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Jeremy Colliton expects Blackhawks’ bigger, deeper defensive corps to better fit his system

Seth Jones and Connor Murphy will both “play a lot of minutes,” but Colliton will use training camp to determine which left-handed defensemen will pair with them.

Connor Murphy and newcomers Seth Jones and Jake McCabe compose the new defensive core.
Jonathan Daniel/Getty Images

Jeremy Colliton made it clear at the start of training camp that he doesn’t own the Blackhawks’ new defensemen — “It’s not like I put my name on them,” he joked.

But the remade unit is certainly catered to his liking, with the hope Colliton’s much-debated defensive system will finally click with the right personnel.

“The size and mobility of our back end [will] allow us to be more aggressive in the ‘D’ zone, which we’d like to be to get out [successfully],” Colliton said. “That’s been a focus for us.

“We want to be aggressive and physical, get stops when we can, get going the other way, and use that mobility on the back end — once we do get it back — to create something in transition. We have enough speed back there that we should be able to create some good situations in transition.”

Through the first three days of camp, the defensive pairings have been stable: Seth Jones with Jake McCabe, Connor Murphy with Riley Stillman, Calvin de Haan with Wyatt Kalynuk and Caleb Jones as the seventh defenseman.

Colliton sees Seth Jones and Murphy — both right-side defensemen — as the anchors of the unit, the two “big, strong, great-skating, physical defensemen who are going to ... play a lot of minutes.”

The question is which of the Hawks’ three left-side defensemen — McCabe, de Haan and Stillman — will pair with each of them come opening night. The process of determining that is just starting, despite the lack of experimentation so far.

“McCabe, he’s very reliable — he’s going to play on the left side with one or the other,” Colliton said. “I don’t think we’re stuck on anything yet, but we want him to get some chemistry and we’ll see how it goes in exhibitions ... We want to give it a bit for them to get used to each other, and then we’ll just reevaluate after a few games.”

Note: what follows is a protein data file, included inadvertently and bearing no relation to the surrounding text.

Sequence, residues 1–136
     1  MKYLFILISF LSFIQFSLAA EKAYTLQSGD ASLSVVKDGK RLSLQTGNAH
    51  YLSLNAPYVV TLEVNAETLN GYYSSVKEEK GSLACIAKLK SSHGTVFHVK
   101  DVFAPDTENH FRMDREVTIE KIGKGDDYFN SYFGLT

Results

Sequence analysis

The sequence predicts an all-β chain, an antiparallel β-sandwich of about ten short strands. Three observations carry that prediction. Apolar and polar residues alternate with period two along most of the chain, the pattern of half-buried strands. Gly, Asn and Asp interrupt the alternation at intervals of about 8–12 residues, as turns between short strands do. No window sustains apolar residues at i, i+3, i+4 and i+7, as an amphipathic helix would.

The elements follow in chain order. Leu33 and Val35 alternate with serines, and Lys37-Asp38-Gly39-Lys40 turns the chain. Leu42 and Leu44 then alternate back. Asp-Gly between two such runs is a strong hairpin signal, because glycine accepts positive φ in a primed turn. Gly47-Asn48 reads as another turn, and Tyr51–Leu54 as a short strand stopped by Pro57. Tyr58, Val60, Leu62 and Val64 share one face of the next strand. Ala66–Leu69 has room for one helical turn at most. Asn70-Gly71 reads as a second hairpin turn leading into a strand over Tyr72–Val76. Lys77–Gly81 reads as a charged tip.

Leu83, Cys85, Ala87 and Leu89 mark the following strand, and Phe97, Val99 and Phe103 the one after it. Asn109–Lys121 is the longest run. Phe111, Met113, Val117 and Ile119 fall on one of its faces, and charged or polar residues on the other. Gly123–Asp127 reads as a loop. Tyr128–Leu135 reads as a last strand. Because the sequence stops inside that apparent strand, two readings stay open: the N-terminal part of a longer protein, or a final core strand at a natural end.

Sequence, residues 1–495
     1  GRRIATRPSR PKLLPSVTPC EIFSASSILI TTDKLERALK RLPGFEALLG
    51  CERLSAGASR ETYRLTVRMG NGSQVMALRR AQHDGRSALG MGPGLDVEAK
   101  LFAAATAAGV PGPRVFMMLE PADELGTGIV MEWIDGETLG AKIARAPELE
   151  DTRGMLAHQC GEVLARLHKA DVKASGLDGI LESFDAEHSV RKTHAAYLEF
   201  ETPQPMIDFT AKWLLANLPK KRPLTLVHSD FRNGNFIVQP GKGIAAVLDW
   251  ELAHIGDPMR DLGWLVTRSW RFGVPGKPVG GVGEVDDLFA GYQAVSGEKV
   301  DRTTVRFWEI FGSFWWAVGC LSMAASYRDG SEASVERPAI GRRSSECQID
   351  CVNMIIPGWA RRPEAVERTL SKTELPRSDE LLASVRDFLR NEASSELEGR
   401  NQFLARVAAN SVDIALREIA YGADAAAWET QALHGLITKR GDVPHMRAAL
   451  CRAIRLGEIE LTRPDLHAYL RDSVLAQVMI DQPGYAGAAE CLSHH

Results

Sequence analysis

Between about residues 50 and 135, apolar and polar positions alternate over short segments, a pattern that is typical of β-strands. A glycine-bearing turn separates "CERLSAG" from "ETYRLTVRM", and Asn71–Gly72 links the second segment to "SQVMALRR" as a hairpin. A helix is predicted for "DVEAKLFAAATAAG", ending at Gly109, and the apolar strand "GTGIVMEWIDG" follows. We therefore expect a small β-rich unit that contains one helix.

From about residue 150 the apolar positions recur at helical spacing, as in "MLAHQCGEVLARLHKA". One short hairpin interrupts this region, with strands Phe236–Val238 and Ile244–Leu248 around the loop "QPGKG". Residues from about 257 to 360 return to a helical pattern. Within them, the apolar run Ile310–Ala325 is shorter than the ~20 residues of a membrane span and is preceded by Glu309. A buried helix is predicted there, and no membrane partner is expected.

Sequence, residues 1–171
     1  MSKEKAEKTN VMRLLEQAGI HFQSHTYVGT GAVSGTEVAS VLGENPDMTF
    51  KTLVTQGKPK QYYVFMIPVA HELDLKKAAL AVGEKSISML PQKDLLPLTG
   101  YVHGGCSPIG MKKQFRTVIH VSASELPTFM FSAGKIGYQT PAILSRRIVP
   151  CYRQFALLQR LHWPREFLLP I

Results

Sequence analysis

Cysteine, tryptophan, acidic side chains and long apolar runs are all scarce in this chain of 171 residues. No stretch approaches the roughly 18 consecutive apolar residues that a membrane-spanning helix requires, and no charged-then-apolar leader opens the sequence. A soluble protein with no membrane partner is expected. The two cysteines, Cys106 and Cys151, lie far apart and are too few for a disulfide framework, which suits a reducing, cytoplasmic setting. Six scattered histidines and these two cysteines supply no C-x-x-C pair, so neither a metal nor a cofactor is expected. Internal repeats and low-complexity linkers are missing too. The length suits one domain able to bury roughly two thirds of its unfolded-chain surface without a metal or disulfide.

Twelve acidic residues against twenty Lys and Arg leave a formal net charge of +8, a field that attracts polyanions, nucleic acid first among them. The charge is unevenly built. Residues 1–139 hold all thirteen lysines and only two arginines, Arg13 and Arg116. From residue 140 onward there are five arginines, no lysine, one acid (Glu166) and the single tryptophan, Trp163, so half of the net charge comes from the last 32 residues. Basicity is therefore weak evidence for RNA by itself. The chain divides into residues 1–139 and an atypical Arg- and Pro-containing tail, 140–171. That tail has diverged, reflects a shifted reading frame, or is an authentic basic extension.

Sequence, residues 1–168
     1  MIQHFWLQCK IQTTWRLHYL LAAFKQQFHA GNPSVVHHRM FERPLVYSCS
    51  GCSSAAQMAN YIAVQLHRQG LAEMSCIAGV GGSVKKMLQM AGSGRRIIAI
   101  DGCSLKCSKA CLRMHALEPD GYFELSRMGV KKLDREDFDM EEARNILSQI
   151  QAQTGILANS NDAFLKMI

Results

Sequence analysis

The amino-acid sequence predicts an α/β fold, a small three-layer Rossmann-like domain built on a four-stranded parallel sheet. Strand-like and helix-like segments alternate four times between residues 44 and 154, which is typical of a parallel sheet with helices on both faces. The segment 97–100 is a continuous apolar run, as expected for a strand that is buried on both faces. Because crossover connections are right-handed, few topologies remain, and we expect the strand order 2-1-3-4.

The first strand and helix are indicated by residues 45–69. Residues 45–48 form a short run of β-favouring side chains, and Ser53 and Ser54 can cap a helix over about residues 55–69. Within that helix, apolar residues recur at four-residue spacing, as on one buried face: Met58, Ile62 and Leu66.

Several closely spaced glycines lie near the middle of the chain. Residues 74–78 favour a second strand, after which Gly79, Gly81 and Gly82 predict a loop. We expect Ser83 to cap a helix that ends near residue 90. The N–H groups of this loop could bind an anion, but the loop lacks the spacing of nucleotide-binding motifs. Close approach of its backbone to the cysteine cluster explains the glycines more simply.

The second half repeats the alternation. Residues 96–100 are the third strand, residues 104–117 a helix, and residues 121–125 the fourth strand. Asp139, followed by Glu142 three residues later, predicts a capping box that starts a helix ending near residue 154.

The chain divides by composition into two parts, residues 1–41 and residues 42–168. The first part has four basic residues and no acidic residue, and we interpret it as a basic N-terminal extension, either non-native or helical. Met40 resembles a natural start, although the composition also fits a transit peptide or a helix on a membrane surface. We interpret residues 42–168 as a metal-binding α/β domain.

No matter how the pairings shape up, however, the Hawks should be stouter defensively than they’ve been the past few years. It’d be difficult to not be, after all: the Hawks ranked either 30th or 31st in both shots on goal and scoring chances allowed at even strength each of the last three seasons.

All seven of the aforementioned defensemen are 6-1 or taller, and the core three — Seth Jones, Murphy and McCabe — are all 204 pounds or heavier. The Hawks believe that added across-the-board size, something they didn’t have as much when Adam Boqvist, Ian Mitchell and Nicolas Beaudin were playing heavily last season, will make a difference.

“When you aren’t as big back there, it’s tough,” Colliton said. “You’ve got to be more patient and you spend a little more time in [the defensive zone] because you don’t want to [attempt a breakout] when you’re exposed.

“[Now], the first guy’s going to make a stop and then the second, third guy can be more aggressive about joining, winning a loose puck or just getting things under control. Because you know even if it’s not perfect, you’re going to knock the guy off balance or create a loose puck. And then we’re out. That’s something we’re excited about.”

The full training camp also gives Colliton more time to explain precisely to the defensemen how he wants them to operate.

Stillman, who was thrust abruptly into the fire last season, said the film sessions and practices this September have given him “a better feel for how we want to play.” And he sees his teammates getting more comfortable, too.

“It’s going to be a lot better this year,” he said. “We’re just that much further ahead than we were last year. The different look on the back end ... is going to allow us to make that next step.”